In conversation with futurist, author and researcher Koen Kas: “The future of healthcare is about changing behaviour”

Kas will be speaking at HIMSS Liège and the HIMSS & Health 2.0 European conference later this year.
By Leontina Postelnicu
04:55 am

When research published in EPJ Data Science journal found that machine learning could help detect signs of depression by examining Instagram posts of study participants, it made international news. Questions surrounding health, privacy and ethics started popping up around the world.

In Europe, futurist, author, researcher and founding CEO of Healthskouts Koen Kas has continuously tackled these pressing questions head on in his writing, where he focuses on the move from re-active to pro-active care, or, as he describes it, from “sickcare to healthcare”.

Kas, who’s authored two books on the subject, argues that we will have in the future a so-called “digital avatar or companion”, collecting data about all aspects of our lives, which will be able to guide our behaviour and help us be as healthy as we possibly can be with the advent of new technologies.

Learn on-demand, earn credit, find products and solutions. Get Started >>

“Building healthcare by default”

“What if I could give you a patch, a sticker that sticks to your skin, so that you can measure dehydration. Cool, but not good enough. Together with a Japanese company, we [Healthskouts] designed a patch that contains a small layer of electronics that we can program so that it can interact via the internet of things with my TV.

“Now, when I am dehydrated, my TV says: Koen, go drink some water. That is something I can’t forget, it is healthcare by default. I have combined technology with my biology to change my behaviour invisibly,” Kas tells MobiHealthNews.

This is one of many initiatives that he is involved in; another project looks at developing an algorithm able to identify speech patterns, using speakers such as Amazon’s Alexa, to predict who will develop Parkinson’s disease, as Kas says that the pronunciation of vowels changes around two years before noticeable symptoms occur. “What I collect in my real world is a predictor of my Parkinson’s disease in two years’ time from now. That’s connected healthcare.”

A few weeks ago, Kas and his Healthskouts team launched a database of FDA cleared/ CE marked mobile health apps and devices - currently 144 - for specialists, pharma, hospitals and others. At the HIMSS Liège conference taking place at the beginning of April in Belgium, he will introduce a novel maturity index described as a “Trivago or a TripAdvisor for digital health tools”.

Healthskouts is also now beta testing a functionality that will see them use data on app developers to predict which ones would have “the highest chance to remain relevant for the healthcare of the future”. “Incidentally, from a subset of something like 36 companies, since December, three of these companies got a huge investment last week or a pharma deal,” Kas says.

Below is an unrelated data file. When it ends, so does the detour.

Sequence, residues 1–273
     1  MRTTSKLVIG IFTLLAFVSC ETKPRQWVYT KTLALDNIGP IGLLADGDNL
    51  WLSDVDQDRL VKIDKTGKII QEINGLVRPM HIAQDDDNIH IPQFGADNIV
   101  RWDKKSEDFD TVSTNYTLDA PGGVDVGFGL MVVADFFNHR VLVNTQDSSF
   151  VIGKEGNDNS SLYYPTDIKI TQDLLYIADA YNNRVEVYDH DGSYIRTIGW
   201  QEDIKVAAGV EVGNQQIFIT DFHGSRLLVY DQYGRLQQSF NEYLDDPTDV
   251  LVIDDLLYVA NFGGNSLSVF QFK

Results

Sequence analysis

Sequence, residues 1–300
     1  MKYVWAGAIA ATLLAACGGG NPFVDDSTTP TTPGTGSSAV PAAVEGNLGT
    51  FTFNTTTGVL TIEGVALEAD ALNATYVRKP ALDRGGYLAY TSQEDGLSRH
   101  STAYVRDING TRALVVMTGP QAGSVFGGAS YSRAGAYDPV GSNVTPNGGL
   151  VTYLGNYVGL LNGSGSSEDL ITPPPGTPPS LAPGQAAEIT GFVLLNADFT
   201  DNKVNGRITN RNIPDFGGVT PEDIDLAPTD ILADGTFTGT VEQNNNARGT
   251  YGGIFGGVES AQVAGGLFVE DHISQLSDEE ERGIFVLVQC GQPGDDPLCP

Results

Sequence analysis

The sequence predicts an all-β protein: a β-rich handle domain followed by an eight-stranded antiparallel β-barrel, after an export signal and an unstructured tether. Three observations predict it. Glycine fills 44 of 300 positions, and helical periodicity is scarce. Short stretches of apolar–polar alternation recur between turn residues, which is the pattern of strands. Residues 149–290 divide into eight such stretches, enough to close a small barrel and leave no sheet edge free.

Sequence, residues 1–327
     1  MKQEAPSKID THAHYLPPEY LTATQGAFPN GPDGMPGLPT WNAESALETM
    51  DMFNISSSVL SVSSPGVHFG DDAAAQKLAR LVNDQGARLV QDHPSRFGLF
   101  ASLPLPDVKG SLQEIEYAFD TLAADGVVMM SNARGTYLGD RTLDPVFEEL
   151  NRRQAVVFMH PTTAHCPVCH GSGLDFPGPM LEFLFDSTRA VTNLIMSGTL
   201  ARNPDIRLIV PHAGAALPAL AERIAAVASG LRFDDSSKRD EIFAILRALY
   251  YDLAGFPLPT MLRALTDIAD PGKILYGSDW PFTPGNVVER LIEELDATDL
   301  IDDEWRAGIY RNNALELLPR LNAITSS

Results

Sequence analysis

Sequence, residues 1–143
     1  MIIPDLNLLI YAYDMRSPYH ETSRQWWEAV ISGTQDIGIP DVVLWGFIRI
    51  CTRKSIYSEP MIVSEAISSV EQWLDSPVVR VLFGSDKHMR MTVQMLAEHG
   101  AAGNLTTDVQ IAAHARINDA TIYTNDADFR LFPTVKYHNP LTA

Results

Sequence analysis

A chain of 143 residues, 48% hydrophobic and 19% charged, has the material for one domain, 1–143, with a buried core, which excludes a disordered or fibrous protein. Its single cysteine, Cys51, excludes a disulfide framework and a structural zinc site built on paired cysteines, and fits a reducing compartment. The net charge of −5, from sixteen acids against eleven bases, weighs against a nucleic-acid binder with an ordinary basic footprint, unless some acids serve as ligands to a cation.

Changing behaviour “in an invisible, delightful fashion”

Last year, consulting firm Reaktor and the University of Helsinki launched a free online course - called Elements of AI - to help people understand the basics of AI. By September, the University said that nearly 90,000 individuals from 80 different countries had already signed up to study the course, only four months after being introduced, and, according to an article published by POLITICO at the beginning of this year, Finland was now rolling out the “1 percent” AI scheme across the country.

In addition to addressing tech upskilling across a variety of sectors, Kas identifies another gap in the resources required to build the “healthcare of the future”: there is a need, he says, to create a role for someone to “translate what a data scientist can do into new experiences for human beings”.

“I think that the human factor of getting technological implementation is very exciting, because very often people are afraid that new technologies will kind of disrupt and lead to job losses. We’re going to see completely new jobs because of the entrance of new technologies. You might say that is an opportunity, but that is also a challenge.

“There is a need for someone who can explain why I should share something about me, or about what I can do to get more in return. At the very end, the future of healthcare is not so much about adoption of technology, it is about changing behaviour. And doing that in an invisible, delightful fashion, by surprise and reward, in the background.”

A "completely open" world?

And Kas introduces this concept in one of his books, where he explains that he does not like to use the word “disruption”. “I use something else, the concept of delight, when you try to think how you can surprise someone, how you can tie someone’s experience with something that they didn’t expect to receive, and you manage to get the complexity out of the door.”

However, he agrees that the increasing concerns around privacy, the use of data, AI and emerging technologies will continue to pose new challenges, but adds that he would like to see a world that is “completely transparent”.

“A world that is completely open, where you know everything about me, you know whether I get blind, whether I get Alzheimer’s, whether I get cancer, you know everything about me. Radical transparency. We are not there yet. And maybe we will never get there,” he says. "And therefore we might present an alternative for that at the Helsinki [HIMSS & Health 2.0 European conference taking place in Finland in June] stage."

The digital health futurist will give an insight into his work later this year in Liège and Helsinki, starting with the following premise: "the future is no longer about being sick".

MobiHealthNews is a HIMSS Media publication.


The latest news in digital health delivered daily to your inbox.

Thank you for subscribing!
Error! Something went wrong!